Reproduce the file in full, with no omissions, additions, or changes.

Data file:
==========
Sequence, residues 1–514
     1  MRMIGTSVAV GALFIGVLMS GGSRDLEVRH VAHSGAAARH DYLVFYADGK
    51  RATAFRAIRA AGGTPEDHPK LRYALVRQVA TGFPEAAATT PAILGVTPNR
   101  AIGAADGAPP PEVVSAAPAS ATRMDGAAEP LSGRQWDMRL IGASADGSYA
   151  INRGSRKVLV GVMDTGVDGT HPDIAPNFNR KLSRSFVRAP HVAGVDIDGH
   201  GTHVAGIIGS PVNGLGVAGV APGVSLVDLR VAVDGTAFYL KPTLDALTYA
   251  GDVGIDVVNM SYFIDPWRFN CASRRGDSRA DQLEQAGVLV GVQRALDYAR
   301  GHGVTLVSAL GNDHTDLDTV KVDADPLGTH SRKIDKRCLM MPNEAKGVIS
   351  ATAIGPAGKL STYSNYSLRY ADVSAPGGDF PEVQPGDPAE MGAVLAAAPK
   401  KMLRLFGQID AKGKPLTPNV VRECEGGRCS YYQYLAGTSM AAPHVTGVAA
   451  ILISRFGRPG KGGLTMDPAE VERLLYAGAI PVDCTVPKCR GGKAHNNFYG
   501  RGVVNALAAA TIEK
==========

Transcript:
Sequence, residues 1–514
     1  MRMIGTSVAV GALFIGVLMS GGSRDLEVRH VAHSGAAARH DYLVFYADGK
    51  RATAFRAIRA AGGTPEDHPK LRYALVRQVA TGFPEAAATT PAILGVTPNR
   101  AIGAADGAPP PEVVSAAPAS ATRMDGAAEP LSGRQWDMRL IGASADGSYA
   151  INRGSRKVLV GVMDTGVDGT HPDIAPNFNR KLSRSFVRAP HVAGVDIDGH
   201  GTHVAGIIGS PVNGLGVAGV APGVSLVDLR VAVDGTAFYL KPTLDALTYA
   251  GDVGIDVVNM SYFIDPWRFN CASRRGDSRA DQLEQAGVLV GVQRALDYAR
   301  GHGVTLVSAL GNDHTDLDTV KVDADPLGTH SRKIDKRCLM MPNEAKGVIS
   351  ATAIGPAGKL STYSNYSLRY ADVSAPGGDF PEVQPGDPAE MGAVLAAAPK
   401  KMLRLFGQID AKGKPLTPNV VRECEGGRCS YYQYLAGTSM AAPHVTGVAA
   451  ILISRFGRPG KGGLTMDPAE VERLLYAGAI PVDCTVPKCR GGKAHNNFYG
   501  RGVVNALAAA TIEK